• Review whether we wish to continue to live in Bridge of Allan. Miriam Brett has written movingly about the trauma of being at the Stirling count, ‘Watching areas like the Raploch voting Yes, only to see the likes of Dunblane and Bridge of Allan overwhelmingly say No was like watching the wealthy ignoring the poor’s cries for change’.
  • Try to live long enough to see independence for Scotland. This week I had the pleasure of meeting Ellen Moxley. Ellen and two other women disarmed a Trident submarine. At the subsequent trial the defence argued that the actions taken by the “Trident Three” were both justified and legal, as the weapons system that was damaged was prohibited under international law. The judge acquitted them, acknowledging that they had a right to  “disarm” the base. Ellen has a terminal illness and knows she will not now live to see independence and the removal of nuclear weapons of mass destruction from these islands, something we could have achieved by simply putting a cross in a box. Many of you will know others who have devoted their lives to trying to bring about a more decent, fairer country. For every one of them who will not live to see this, we must battle on. In a week where instead of waking up to independence we instead find ourselves involuntary members of a nation that once again has illegally declared war, I leave you with Ellen’s words:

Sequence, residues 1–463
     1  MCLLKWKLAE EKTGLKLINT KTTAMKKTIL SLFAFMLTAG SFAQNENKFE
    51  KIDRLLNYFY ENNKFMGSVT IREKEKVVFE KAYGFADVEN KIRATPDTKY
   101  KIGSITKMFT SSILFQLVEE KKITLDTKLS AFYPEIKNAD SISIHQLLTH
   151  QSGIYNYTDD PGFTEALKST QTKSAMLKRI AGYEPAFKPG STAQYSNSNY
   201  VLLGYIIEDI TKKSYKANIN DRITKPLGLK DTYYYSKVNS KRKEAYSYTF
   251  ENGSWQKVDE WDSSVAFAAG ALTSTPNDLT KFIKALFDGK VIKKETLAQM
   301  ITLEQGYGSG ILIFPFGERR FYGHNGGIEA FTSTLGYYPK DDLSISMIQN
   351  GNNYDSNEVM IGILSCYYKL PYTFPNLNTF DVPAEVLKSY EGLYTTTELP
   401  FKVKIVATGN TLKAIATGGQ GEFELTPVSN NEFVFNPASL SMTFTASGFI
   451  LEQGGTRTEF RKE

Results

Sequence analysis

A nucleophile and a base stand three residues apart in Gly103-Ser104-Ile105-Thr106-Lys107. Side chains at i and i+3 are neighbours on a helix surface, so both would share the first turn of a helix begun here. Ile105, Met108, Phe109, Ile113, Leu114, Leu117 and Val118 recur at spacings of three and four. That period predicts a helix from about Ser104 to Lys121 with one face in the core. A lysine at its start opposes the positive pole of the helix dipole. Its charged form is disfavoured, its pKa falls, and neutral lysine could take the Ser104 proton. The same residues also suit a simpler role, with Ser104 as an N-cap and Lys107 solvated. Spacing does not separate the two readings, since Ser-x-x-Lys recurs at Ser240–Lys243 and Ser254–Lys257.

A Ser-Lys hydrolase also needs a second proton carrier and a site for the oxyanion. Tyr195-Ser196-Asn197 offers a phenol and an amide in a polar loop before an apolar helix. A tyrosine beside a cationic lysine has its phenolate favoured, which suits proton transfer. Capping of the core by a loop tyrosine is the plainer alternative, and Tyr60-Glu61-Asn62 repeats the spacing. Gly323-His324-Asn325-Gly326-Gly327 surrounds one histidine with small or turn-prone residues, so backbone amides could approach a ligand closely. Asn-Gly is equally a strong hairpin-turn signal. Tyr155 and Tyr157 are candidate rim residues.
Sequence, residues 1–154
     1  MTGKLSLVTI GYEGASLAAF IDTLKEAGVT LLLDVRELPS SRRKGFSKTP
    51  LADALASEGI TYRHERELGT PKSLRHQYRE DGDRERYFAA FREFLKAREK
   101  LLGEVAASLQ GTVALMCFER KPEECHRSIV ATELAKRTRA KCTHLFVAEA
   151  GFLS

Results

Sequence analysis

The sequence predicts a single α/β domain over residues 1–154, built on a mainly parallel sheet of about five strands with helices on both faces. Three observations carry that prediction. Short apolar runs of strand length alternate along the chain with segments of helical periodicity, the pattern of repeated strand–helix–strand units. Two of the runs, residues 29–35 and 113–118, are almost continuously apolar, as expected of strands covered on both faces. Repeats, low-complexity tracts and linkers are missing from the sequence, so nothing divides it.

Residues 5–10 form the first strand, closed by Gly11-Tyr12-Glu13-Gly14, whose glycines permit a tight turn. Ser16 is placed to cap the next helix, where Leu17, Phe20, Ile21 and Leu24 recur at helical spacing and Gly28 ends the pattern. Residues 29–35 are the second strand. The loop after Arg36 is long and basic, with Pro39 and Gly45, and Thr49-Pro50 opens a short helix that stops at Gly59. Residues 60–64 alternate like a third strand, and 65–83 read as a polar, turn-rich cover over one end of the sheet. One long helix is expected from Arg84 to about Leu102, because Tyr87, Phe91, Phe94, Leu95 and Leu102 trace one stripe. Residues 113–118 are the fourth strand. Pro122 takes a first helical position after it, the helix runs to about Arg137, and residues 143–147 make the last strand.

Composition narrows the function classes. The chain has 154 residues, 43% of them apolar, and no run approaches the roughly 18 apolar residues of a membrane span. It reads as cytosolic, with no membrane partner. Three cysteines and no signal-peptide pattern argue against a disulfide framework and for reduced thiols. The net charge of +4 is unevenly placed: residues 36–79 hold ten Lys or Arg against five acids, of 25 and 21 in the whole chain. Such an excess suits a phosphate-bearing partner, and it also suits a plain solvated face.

“I believe passionately in the power of nonviolence.  In times of great despair, it offers a way of courage, great companionship, immense potential for change, and above all, hope.”